Two men face criminal charges over pro-cannabis screenings at Sydney Opera House


Former professional athlete William ‘Willy Biggs’ Stolk faces criminal charges after he and a friend allegedly used powerful lasers to project pro-cannabis messages onto the sails of the Sydney Opera House and Sydney Harbor Bridge Sidney.

Former professional skier William Stolk and his friend Alec Zammitt were arrested by police on April 20 in a room at the Park Hyatt hotel which directly faces the opera house and the bridge.

The couple reportedly used their uninterrupted view of Sydney’s iconic landmarks to project large images of a marijuana leaf along with other pro-cannabis images, including the name of their activist group ‘Who Do We Do To wrong?” in the early hours of April 20.

The couple also reportedly uploaded a video of the incident to YouTube, with the clip garnering over 15,000 views.

Stay up to date with the latest news with The NSW Briefing – keep up to date with the latest news from across the region as it happens.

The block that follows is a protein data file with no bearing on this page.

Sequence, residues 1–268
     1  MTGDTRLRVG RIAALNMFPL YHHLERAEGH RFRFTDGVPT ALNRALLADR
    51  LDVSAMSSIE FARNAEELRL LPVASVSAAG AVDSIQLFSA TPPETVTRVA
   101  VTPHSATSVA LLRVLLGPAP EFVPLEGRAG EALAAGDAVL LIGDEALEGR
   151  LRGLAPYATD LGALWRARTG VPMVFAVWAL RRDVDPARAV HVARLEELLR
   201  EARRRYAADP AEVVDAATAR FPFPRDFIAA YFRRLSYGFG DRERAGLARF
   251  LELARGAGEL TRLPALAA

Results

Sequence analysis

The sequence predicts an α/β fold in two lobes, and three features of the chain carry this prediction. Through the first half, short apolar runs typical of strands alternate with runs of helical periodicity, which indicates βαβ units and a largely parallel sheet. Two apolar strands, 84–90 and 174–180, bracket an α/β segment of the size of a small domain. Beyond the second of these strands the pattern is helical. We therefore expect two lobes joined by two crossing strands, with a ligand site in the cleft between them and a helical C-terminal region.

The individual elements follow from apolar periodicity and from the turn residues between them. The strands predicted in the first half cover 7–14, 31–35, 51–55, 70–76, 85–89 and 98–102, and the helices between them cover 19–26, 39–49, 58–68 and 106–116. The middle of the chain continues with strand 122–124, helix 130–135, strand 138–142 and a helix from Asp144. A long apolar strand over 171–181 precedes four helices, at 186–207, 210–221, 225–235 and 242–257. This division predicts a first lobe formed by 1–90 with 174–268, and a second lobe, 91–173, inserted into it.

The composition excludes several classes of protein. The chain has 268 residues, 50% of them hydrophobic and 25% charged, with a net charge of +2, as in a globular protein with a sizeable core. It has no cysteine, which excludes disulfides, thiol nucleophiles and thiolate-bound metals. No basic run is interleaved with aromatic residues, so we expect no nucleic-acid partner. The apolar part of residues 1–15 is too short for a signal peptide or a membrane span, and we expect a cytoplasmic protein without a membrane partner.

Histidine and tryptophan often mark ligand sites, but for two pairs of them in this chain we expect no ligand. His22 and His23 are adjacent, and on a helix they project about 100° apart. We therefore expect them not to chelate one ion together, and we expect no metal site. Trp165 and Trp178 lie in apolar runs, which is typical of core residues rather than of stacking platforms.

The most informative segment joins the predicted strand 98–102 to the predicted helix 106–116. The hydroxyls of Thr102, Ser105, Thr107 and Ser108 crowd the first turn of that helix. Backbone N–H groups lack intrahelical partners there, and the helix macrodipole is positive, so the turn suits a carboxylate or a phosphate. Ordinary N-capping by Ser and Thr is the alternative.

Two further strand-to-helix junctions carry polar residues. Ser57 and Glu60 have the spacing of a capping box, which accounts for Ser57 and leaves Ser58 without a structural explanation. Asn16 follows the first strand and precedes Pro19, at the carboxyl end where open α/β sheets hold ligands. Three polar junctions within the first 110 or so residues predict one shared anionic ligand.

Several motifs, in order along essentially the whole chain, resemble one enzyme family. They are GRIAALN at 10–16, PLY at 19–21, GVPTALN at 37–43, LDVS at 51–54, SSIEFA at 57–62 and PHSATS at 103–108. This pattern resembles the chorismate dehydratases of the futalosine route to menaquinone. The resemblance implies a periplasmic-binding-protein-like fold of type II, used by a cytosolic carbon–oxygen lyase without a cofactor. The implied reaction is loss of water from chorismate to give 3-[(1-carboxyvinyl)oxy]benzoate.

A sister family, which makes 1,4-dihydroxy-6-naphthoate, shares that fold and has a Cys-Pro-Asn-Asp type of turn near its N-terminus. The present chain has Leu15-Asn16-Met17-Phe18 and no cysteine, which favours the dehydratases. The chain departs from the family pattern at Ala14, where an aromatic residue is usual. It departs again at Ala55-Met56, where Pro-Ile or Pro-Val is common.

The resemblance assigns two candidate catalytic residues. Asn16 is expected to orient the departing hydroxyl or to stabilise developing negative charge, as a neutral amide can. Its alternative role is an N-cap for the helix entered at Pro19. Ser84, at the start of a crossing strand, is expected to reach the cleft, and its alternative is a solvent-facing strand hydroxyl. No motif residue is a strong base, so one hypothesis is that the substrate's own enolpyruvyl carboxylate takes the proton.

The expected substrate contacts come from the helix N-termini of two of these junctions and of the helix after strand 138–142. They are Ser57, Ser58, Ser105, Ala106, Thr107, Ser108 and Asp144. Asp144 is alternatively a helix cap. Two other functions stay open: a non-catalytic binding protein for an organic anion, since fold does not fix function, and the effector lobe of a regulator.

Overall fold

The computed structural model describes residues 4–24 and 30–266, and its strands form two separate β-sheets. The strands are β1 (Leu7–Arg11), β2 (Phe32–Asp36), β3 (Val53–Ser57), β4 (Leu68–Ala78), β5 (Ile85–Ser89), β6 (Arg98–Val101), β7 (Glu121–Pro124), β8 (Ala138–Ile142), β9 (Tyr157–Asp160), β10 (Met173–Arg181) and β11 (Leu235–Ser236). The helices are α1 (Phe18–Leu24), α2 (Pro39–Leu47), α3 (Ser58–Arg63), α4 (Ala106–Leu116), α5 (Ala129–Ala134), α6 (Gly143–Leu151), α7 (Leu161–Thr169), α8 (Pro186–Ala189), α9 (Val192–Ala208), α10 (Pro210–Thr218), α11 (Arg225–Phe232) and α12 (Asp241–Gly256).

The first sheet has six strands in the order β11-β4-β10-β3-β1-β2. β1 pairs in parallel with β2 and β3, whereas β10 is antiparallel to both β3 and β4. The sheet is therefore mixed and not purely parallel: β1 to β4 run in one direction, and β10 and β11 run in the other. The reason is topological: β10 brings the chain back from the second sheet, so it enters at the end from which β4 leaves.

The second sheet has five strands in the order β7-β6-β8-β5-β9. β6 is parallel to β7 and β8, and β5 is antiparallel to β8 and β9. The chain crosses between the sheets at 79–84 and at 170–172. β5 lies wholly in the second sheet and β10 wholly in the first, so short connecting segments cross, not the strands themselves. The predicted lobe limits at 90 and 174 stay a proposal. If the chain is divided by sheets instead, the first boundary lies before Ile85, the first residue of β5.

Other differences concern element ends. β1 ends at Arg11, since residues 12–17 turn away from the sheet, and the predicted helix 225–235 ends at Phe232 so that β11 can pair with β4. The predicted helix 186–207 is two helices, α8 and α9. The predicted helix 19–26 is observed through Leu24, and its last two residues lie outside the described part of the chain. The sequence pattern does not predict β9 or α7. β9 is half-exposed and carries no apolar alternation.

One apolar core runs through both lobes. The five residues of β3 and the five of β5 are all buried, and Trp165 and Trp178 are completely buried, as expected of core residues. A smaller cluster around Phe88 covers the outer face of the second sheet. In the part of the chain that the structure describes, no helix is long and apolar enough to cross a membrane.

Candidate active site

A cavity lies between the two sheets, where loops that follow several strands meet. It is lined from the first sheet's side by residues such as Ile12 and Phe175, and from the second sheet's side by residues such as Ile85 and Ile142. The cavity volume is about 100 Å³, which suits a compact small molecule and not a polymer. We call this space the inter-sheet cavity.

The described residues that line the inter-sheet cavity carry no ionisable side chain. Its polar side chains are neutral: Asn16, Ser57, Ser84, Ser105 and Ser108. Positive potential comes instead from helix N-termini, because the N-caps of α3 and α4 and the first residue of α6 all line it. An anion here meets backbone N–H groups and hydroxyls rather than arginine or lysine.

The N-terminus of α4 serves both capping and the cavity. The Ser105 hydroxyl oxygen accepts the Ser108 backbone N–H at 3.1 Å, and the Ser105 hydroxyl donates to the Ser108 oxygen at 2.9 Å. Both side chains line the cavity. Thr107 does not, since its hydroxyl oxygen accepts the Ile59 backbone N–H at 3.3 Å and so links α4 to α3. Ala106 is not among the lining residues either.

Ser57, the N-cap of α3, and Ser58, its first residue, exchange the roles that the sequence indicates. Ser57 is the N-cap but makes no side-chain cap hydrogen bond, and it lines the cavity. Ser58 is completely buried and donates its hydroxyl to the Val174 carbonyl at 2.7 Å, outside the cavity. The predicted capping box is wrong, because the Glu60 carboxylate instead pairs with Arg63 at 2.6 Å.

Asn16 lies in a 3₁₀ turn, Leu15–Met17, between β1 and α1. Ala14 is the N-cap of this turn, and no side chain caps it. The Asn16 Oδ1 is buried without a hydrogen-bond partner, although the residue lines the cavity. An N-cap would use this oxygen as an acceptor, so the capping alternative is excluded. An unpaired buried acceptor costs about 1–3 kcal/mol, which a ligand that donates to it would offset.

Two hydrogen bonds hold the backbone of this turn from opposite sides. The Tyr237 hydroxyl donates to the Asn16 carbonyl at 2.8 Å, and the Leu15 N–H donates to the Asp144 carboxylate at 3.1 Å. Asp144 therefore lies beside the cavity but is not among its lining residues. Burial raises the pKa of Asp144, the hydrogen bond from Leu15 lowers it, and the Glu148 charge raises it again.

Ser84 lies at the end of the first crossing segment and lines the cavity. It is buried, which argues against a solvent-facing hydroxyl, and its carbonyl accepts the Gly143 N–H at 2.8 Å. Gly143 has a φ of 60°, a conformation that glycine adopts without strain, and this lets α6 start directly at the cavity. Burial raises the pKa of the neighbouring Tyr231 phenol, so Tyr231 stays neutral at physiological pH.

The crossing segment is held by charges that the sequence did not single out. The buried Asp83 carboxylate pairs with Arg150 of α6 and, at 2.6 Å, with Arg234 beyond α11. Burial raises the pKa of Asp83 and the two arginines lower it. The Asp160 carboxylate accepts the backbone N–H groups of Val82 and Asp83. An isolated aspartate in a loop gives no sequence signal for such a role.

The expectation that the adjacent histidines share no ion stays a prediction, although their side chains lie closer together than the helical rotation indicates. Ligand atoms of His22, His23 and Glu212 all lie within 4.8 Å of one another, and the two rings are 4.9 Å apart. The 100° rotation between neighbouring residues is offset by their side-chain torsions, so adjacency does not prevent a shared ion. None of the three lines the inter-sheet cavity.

Both men were taken into custody where they were held for six hours before being released on bail.

One of their strict bail conditions prohibits the two men from contacting each other.

The pair have both pleaded not guilty to the charges against them, including distributing advertising on Opera property.

Stolk told The Daily Telegraph that police chose to bring criminal charges to set an example.

“…Raising a criminal charge for something that left no permanent mark on the building is ridiculous,” he said.

“I think that accusation is very harsh and they are trying to make an example out of us to deter people from doing it again.”

The maximum fine for the charges against them is $1,100.

Stay up to date on the latest news with Your Morning Agenda – backed by a network of local journalists from all major Australian cities, which follows up with timely, first-hand information on local stories:

To download LiSTNR and enjoy a new audio world. All your favorite shows and stations in one library.


Comments are closed.